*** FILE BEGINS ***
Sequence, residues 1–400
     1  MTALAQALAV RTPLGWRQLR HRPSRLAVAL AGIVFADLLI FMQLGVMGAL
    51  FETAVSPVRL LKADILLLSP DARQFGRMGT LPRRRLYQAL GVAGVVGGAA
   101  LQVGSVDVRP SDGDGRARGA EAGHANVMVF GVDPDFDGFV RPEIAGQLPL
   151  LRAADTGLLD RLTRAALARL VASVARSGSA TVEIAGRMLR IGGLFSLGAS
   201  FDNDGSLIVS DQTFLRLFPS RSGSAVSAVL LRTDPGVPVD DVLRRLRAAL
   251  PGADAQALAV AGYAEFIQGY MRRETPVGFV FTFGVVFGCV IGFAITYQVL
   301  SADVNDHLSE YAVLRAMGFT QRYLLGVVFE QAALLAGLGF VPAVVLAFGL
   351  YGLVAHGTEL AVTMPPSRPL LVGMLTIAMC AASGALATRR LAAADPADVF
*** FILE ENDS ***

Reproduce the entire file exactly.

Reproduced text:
Sequence, residues 1–400
     1  MTALAQALAV RTPLGWRQLR HRPSRLAVAL AGIVFADLLI FMQLGVMGAL
    51  FETAVSPVRL LKADILLLSP DARQFGRMGT LPRRRLYQAL GVAGVVGGAA
   101  LQVGSVDVRP SDGDGRARGA EAGHANVMVF GVDPDFDGFV RPEIAGQLPL
   151  LRAADTGLLD RLTRAALARL VASVARSGSA TVEIAGRMLR IGGLFSLGAS
   201  FDNDGSLIVS DQTFLRLFPS RSGSAVSAVL LRTDPGVPVD DVLRRLRAAL
   251  PGADAQALAV AGYAEFIQGY MRRETPVGFV FTFGVVFGCV IGFAITYQVL
   301  SADVNDHLSE YAVLRAMGFT QRYLLGVVFE QAALLAGLGF VPAVVLAFGL
   351  YGLVAHGTEL AVTMPPSRPL LVGMLTIAMC AASGALATRR LAAADPADVF